8. 8. Remember Veterans DaySgt. Maj. Allan Kellogg, Jr. in 1973 for gallantry in Vietnam.Meyer, modest, polite, affable, makes it clear that he is no hero, just a Marine doing his best for hisbrothers... but we are not circumscribed in what we may say about this man who, by any reckoning,should have died that day a dozen times in Ganjgal.... but who instead delivered life to manycolleagues without thought of his own. It is fitting and proper to award such a rare and prestigiousaward to such as Dakota Meyer... a man who, so young, reminds America that great deeds areconceived in selflessness and sacrifice. God shed his grace on thee, Dakota Meyer. You remind usall of what we each must do to ensure He sheds it still on all of us and our great exercise of freedom,now challenged on all sides. Copyright Elizabeth English - 2012 8 of 12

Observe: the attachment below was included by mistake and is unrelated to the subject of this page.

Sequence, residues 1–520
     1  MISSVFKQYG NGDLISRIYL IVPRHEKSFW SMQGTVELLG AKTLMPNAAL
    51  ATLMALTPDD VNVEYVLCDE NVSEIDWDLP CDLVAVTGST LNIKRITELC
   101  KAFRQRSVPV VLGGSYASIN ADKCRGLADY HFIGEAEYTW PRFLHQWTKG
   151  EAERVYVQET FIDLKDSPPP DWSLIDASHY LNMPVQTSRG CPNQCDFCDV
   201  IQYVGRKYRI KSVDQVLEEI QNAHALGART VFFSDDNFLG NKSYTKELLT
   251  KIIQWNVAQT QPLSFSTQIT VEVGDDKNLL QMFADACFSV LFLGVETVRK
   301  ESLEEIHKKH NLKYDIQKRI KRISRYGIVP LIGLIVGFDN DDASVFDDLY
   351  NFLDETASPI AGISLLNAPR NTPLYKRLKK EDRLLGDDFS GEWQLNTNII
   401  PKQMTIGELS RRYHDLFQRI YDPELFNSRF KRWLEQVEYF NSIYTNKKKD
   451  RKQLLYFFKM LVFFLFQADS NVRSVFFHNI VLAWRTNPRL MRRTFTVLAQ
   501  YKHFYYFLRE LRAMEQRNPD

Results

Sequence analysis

9. 9. Remember Veterans DayThe boy next door... the best of the Great Republic. Yousleep easy through the night because of him... and millionslike him. A Tribute!The boy next door... the best of the Great Republic. You sleep easy through the night because ofhim... and millions like him. A Tribute!Authors program note. When was the last time you considered the state of our Great Republic anddid anything -- anything at all -- to sustain and improve it?If you cannot immediately say and cannot recall what you did, if you have nothing but rancorousthoughts and feelings about our continuing great experiment in the governance and well being ofmankind, then stop and focus your full, undivided attention on this article and its subject: HowardHector Martell, Jr. For this day, like every other day over the past 20 years, Howard Martell hasserved us... you, me, the Great Republic, all of us able to live life as we wish because of him and hiscolleagues in every great service of our great nation.To set the stage for this story, to provide the essential sound, I have selected music from one of thegreatest public affairs programs ever -- "Victory at Sea." It is a documentary television series aboutnaval warfare during World War II that was originally broadcast by NBC in 1952-1953. The stirringmusic was composed by Richard Rodgers and Robert Russell Bennett. Rodgers, well known for astring of iconic Broadway musicals, contributed 13 "themes"; short piano compositions a minute ortwo in length. Bennett did the scoring, transforming Rodgers themes into a variety of moods, alldesigned to touch your heart and fire your imagination. The result was pure magic.Find out for yourself. Go now to any search engine. Listen to a few of the "themes" to get youstarted. I like "Hard Work and Horseplay", "Theme of the Fast Carriers" and, of course, "The Songof the High Seas." However, to honor Howard Martell, listen to "Guadalcanal March." It is theessence of what a grand march should be... the kind of march Howard has so well earned... Implaying it now as I write.New London.New London, Connecticut is a seaport city and a port of entry on the northeast coast of the UnitedStates. It is located at the mouth of the Thames River which locals demand you pronounce to rhymewith "James", unlike the great river of London, England which rhymes with hems". The folks inNew London insist upon their rendering; after all, they were part of the victorious Revolution thattossed the Brits out -- and their eccentric pronunciations. As you hear this said, you begin to graspthe fact that New London is not merely a place of picturesque aspects; just what meets the eye.Rather, it is a place where young boys glimpse the great sea at hand, so beckoning, and dreamdreams of faraway places and what life can be.Howie Martell was such a boy.He was born June 27,1973, attended local schools, graduating from Griswold High School. Peopleremember him, if they remember him at all, as shy, uncertain; a boy who would smile at you... butonly after you had smiled at him. Teachers with many students to instruct would remember himindistinctly and call him "average." But such an appraisal would have been incomplete, inaccurate,failing to capture his essence, for this boy was a dreamer of great dreams... and New London, forcenturies the home port of audacious mariners, offered him the means to live them, mere dreams nolonger.On August 10, 1992, just 19, he left the comfort of family, friends, the only place he had ever Copyright Elizabeth English - 2012 9 of 12